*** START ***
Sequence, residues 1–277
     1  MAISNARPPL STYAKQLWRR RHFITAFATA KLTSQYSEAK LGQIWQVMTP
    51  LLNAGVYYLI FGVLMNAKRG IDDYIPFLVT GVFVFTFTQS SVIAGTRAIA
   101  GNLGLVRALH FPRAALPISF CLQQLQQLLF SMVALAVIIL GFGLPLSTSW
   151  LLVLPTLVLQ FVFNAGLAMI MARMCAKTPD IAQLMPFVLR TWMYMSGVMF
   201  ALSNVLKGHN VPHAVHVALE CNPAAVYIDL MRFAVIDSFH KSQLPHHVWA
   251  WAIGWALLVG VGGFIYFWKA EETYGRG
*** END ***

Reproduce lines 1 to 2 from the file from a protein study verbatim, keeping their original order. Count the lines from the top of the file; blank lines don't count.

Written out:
Sequence, residues 1–277
     1  MAISNARPPL STYAKQLWRR RHFITAFATA KLTSQYSEAK LGQIWQVMTP